We’ve recently developed a new tidal model for the Straits of Gibraltar. This model will benefit all sorts of users but primarily commercial vessels heading into and out of the Mediterranean.
There are many elements that contribute to the complexity of tides and currents around this narrow inlet. So here we explain why the currents in the Strait of Gibraltar so complex.
PASS THE SALT
Currents through the Strait of Gibraltar are mainly caused by an exchange of water of different salinity (saltiness) between the Atlantic Ocean and Mediterranean Sea. The water in the Atlantic is less salty and less dense than water in the Mediterranean and it flows eastwards into the Med through the Straits as a surface layer, about 125m deep with a speed of two to three knots.
To make things more complicated, superimposed on these density-driven currents are tidal flows that can reach four knots. The tidal flow will either speed up or slow down the eastern flowing current, depending on the phase of the tide.
Furthermore, close to the African continent there is often a narrow counter current (i.e. out of the Mediterranean) of two knots.
As the current flows eastwards it interacts with the Camarinal Sill (the shallowest part of the Strait) and this causes 'internal waves' – a vertical motion between the two layers of 50-100m with a wavelength of two to four km which can be seen as a surface wave pattern that can be detected by satellites, radiating eastwards from the Strait.
THE ALBORAN GYRE
As the upper level flow pours into the Mediterranean, the Coriolis force (an effect of
the earth's rotation) causes it to form a large clockwise eddy (gyre) off the North African coast called the Alboran Gyre. A smaller weak anti clockwise eddy forms to the North. Counter currents (westward flows) can be seen close inshore along both shores, particularly near headlands that project into the current.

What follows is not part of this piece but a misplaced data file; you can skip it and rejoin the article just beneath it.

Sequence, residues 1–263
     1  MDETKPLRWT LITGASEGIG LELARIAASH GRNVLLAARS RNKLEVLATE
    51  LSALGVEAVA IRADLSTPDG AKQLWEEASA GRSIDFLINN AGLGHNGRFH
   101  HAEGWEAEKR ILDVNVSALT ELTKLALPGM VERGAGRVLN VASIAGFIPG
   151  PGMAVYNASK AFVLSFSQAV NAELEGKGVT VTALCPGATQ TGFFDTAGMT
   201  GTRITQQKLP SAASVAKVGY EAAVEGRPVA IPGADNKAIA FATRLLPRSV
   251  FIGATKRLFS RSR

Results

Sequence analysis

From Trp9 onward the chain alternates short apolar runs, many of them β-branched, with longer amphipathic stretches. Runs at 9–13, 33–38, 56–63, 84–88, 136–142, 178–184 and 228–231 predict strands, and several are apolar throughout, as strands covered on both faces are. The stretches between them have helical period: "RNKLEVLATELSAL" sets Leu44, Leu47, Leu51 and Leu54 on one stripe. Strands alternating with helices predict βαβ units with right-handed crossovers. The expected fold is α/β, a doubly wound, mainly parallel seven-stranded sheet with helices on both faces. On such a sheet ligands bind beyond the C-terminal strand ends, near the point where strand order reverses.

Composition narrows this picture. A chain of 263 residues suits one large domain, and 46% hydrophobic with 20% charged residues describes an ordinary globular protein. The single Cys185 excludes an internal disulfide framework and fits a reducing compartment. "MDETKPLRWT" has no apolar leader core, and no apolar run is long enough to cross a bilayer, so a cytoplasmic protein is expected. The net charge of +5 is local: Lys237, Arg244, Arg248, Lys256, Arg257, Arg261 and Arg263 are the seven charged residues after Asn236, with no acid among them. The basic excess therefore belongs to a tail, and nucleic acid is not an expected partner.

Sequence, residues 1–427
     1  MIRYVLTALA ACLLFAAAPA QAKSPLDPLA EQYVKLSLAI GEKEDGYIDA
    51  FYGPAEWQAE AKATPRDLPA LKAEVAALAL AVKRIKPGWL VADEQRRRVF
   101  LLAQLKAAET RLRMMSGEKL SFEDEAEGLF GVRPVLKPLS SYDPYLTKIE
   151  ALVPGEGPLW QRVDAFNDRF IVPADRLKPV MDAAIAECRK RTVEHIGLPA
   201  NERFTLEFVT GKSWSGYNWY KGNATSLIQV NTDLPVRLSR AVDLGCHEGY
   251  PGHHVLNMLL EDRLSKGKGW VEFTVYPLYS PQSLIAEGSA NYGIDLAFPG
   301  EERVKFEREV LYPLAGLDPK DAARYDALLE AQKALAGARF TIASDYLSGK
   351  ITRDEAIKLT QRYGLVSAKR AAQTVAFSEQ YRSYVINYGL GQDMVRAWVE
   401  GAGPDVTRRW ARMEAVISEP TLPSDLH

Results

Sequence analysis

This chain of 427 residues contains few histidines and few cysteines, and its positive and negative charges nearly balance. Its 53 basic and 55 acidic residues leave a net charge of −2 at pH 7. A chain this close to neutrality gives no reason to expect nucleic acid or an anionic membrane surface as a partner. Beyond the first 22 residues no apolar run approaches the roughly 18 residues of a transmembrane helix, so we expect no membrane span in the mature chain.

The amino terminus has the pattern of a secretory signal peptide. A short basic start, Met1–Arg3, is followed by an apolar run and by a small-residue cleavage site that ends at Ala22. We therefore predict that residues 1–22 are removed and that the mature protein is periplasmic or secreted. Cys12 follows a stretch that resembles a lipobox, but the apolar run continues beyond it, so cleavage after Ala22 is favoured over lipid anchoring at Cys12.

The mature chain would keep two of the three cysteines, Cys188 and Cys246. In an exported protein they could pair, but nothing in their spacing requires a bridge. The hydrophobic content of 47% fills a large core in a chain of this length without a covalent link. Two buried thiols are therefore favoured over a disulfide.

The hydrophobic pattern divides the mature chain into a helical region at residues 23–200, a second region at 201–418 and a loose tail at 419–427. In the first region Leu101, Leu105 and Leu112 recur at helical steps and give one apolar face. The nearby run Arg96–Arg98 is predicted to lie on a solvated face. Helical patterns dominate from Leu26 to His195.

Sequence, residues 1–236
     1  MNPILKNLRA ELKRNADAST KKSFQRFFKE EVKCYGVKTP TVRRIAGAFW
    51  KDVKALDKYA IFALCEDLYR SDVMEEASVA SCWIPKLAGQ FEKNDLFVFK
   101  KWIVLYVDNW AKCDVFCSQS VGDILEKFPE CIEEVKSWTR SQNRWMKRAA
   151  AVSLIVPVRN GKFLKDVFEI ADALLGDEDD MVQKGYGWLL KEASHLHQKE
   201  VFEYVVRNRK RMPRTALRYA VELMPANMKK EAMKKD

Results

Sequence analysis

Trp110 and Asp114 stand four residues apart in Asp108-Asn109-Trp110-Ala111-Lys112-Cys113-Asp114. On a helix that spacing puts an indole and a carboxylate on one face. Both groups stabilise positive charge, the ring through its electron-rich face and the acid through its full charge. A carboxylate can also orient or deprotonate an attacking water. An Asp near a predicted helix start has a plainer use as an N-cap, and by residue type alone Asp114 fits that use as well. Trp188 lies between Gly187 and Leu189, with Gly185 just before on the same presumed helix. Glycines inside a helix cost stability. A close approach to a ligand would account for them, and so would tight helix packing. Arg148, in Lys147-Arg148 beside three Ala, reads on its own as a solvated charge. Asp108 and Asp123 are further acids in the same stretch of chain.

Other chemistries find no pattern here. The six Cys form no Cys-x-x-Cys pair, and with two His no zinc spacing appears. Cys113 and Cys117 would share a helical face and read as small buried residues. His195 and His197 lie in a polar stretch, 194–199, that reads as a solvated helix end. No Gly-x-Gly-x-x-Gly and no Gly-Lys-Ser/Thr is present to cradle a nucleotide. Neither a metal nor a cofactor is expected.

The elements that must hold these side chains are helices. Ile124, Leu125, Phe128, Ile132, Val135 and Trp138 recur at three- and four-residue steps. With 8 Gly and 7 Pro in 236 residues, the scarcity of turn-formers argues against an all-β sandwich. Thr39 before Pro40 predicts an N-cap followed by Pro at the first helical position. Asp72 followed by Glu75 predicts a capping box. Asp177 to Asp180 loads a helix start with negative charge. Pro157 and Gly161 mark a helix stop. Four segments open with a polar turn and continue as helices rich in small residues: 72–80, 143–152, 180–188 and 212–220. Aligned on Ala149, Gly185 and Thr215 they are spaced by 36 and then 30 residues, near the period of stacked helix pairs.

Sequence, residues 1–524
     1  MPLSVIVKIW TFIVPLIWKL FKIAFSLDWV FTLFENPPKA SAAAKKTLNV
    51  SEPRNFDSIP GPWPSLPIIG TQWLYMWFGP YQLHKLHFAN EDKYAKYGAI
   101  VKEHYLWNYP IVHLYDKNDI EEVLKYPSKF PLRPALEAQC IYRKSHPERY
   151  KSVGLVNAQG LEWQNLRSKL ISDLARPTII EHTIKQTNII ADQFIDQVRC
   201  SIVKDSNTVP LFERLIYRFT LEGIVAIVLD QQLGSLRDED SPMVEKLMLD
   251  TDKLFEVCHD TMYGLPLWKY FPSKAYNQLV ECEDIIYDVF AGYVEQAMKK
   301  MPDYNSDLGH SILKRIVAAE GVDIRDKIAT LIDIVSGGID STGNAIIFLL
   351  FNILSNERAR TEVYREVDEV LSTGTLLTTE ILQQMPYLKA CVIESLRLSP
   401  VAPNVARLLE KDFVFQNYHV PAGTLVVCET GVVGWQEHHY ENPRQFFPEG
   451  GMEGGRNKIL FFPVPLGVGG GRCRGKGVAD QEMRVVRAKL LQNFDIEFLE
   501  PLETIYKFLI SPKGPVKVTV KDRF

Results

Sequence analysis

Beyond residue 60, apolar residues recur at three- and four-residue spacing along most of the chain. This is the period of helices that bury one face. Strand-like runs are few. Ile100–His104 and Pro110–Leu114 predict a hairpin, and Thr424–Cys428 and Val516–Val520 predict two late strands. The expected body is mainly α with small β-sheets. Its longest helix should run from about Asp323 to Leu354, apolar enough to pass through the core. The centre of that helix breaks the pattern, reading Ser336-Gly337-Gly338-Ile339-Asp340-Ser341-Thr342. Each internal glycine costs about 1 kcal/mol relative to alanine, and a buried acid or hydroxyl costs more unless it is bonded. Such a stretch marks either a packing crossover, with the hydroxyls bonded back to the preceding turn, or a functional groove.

The western end of the Mediterranean, the Alboran Sea, is the habitat for the largest population of bottlenose dolphins in the western Mediterranean, is home to the last population of harbour porpoises in the Mediterranean, and is the most important feeding ground for loggerhead sea turtles in Europe.
A layer of out-flowing dense water stays deep after exiting the Med and forms a ribbon extending along the Spanish and Portuguese coasts at about 1000m depth. It splits into two, at Cape St Vincent, with one branch going west and the other branch going north. Evidence of this flow can be seen as far north as the Greenland-Scotland sill.
Amazingly, the westward flowing Mediterranean water reaches the American continent and travels south to be found in Antarctica and the Weddell Sea.
Information about currents in the Straits of Gibraltar has been kindly provided to Tidetech by the University of Cadiz.